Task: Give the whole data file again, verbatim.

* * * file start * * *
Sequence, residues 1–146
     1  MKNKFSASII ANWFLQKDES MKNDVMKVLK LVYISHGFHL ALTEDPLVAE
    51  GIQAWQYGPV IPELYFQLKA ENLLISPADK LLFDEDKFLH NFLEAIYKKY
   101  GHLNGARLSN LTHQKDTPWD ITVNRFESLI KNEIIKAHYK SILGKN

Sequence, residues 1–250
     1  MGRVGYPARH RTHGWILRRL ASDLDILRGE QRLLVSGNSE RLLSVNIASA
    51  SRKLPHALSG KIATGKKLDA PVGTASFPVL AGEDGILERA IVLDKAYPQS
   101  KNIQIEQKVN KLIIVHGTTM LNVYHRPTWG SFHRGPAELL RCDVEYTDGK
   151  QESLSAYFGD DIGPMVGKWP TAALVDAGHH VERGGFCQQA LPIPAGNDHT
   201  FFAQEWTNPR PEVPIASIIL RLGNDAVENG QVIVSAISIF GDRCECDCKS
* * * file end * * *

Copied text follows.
Sequence, residues 1–146
     1  MKNKFSASII ANWFLQKDES MKNDVMKVLK LVYISHGFHL ALTEDPLVAE
    51  GIQAWQYGPV IPELYFQLKA ENLLISPADK LLFDEDKFLH NFLEAIYKKY
   101  GHLNGARLSN LTHQKDTPWD ITVNRFESLI KNEIIKAHYK SILGKN

Sequence, residues 1–250
     1  MGRVGYPARH RTHGWILRRL ASDLDILRGE QRLLVSGNSE RLLSVNIASA
    51  SRKLPHALSG KIATGKKLDA PVGTASFPVL AGEDGILERA IVLDKAYPQS
   101  KNIQIEQKVN KLIIVHGTTM LNVYHRPTWG SFHRGPAELL RCDVEYTDGK
   151  QESLSAYFGD DIGPMVGKWP TAALVDAGHH VERGGFCQQA LPIPAGNDHT
   201  FFAQEWTNPR PEVPIASIIL RLGNDAVENG QVIVSAISIF GDRCECDCKS